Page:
Money Mondays: Should You Pack Emergency Gear While on Vacation?

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Many people prepare for emergencies at home, but decide to forgo prepping while on vacation. After all, being on vacation means being carefree, and no one really wants to think about disasters while on vacation.

Should you pack emergency gear while on vacation?

The inescapable fact is, you shouldn’t leave home without at least a minimum amount of emergency supplies.  Pack items you already own to minimize on cost.

Of course, your emergency kit would have to be portable, inconspicuous and take a minimum amount of space especially if you are flying to your destination.  As you pack, be mindful of what you are allowed to carry in checked luggage according to TSA rules.  It may cost you a little more in checked luggage but it is well worth the peace of mind.

Let’s just look at the basics.


Carry at least two to three days worth of food.  MREs are good because of the heating element, but MREs tend to be heavy. Freeze dried entrees are small and light weight, but you would need a tiny stove and a small cooking pot to heat water.

If you are staying in a hotel that has a microwave, you may have more options as far as heating food.

The food should be easy to prepare, needing a minimum amount of ingredients.  Think packable emergency snacks such as nuts, protein bars, beef jerky, ramen noodles, granola or nutrition bars.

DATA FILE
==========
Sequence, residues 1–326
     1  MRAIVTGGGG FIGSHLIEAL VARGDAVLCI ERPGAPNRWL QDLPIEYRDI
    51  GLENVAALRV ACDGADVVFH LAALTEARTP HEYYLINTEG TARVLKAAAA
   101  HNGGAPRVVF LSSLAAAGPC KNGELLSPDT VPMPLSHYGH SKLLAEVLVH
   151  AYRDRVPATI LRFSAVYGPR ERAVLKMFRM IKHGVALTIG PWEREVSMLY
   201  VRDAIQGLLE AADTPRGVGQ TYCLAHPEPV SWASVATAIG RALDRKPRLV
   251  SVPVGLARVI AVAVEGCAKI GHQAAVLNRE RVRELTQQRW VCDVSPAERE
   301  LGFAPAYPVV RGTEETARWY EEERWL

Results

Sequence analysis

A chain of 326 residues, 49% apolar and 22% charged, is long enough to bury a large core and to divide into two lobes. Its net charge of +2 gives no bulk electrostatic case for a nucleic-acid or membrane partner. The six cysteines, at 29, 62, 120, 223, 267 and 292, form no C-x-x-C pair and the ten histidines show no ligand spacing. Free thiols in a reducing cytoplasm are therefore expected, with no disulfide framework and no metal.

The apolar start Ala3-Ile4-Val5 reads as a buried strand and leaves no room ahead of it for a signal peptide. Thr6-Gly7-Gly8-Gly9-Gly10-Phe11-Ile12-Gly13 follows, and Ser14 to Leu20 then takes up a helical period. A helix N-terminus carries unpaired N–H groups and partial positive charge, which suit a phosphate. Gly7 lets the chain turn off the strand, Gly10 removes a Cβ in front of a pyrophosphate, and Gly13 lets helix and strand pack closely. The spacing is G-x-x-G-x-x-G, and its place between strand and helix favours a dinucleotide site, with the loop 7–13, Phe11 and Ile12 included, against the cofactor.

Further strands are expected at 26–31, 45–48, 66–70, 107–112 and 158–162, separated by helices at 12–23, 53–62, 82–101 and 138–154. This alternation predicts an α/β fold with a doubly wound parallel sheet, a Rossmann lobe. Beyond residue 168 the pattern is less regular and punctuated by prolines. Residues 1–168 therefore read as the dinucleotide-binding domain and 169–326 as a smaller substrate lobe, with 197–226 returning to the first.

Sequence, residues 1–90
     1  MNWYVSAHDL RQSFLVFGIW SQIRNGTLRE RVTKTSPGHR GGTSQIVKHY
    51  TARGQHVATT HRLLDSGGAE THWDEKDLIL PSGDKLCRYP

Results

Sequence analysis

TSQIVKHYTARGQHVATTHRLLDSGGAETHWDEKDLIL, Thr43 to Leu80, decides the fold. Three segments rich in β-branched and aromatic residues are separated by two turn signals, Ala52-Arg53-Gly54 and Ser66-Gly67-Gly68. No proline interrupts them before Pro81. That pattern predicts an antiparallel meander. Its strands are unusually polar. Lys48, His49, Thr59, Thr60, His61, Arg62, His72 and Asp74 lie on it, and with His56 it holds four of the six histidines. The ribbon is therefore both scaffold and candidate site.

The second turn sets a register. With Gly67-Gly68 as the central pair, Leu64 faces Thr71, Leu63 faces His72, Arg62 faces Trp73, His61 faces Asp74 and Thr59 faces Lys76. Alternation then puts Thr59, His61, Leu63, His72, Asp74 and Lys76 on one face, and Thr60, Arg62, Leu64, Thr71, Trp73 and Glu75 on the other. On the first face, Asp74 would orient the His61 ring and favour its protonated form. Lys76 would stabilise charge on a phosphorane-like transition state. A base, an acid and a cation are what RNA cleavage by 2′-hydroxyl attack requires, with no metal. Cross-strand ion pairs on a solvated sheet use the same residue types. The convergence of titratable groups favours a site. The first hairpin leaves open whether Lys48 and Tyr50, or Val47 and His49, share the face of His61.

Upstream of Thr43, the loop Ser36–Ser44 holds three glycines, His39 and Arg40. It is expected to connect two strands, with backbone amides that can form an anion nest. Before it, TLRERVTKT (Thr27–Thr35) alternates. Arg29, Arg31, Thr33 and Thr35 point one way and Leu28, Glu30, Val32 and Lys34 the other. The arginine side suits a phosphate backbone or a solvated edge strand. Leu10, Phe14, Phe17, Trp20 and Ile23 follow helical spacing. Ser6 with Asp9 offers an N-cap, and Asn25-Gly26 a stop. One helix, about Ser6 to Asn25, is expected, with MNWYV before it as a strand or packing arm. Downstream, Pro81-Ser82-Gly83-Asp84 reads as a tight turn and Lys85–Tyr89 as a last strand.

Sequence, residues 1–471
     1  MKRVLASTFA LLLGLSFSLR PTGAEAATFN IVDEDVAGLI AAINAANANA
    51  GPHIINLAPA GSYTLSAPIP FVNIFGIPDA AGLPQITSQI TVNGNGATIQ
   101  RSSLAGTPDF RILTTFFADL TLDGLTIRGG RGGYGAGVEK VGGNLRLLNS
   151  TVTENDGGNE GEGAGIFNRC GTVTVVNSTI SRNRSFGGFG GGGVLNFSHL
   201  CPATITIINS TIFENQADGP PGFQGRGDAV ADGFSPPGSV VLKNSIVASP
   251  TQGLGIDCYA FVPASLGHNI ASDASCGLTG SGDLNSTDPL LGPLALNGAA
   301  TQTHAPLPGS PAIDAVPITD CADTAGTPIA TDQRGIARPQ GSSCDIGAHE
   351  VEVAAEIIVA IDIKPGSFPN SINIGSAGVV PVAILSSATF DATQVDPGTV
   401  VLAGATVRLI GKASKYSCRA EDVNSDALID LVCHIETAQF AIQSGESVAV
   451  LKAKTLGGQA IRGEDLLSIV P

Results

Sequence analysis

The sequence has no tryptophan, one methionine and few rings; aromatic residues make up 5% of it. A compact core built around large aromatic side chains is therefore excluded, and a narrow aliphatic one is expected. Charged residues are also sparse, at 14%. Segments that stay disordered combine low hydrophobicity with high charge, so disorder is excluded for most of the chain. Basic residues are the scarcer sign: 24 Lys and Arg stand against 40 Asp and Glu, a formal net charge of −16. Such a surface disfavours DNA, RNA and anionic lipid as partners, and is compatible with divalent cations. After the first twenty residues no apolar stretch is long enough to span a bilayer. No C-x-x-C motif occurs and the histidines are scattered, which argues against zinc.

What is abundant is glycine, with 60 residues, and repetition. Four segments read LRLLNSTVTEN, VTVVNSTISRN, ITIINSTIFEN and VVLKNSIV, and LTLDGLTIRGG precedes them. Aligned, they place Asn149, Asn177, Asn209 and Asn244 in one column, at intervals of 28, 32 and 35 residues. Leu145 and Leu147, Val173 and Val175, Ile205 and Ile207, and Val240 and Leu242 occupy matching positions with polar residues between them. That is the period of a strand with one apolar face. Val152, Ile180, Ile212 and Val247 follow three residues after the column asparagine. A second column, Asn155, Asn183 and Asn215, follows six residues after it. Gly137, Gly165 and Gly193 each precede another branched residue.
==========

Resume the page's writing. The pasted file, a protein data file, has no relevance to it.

Don’t want to pack more than you have to? You can still be prepared: scope out the hotel gift shop and buy a few food items to save for later.  If you stay at an all-inclusive hotel, you will have access to muffins, bread rolls, mini cereal boxes or even apples that can be saved for later. (Note: if you have produce and you are returning from a foreign country, finish them up before you go through customs inspection.)


Buy a few liters of water at your destination, and keep the bottles at the hotel with you.  Keep your room’s ice bucket full of ice from the ice machine.  Pack a small water filter or refillable sport filter bottle.  We brought a Berkey Sport bottle for each family member on a recent vacation and they came in handy wherever we went.

Clothing and Footwear

Bring comfortable shoes for walking. A lot of people bring only sandals and flip flops but those are too flimsy to walk out of a city.  Pack a hat and sunglasses for sun protection, a bandanna is also handy to have due to its multiple uses.

While it might be tempting to pack only skimpy tank tops and shorts, bring clothes that offer a bit more sun and wind protection such as t-shirts and pants, in the event the environment becomes inhospitable.

Health and First Aid

Always carry a small first aid kit with you. If you lack space, at least carry a pocket first aid kit.

Take along extra prescription medicines. In case you are delayed, you have a few extra to last you.

Bring an extra pair of glasses or contact lenses.

Before your trip, find out what your health insurance covers while on vacation. If you are going to a foreign country, find out how to access care in your destination.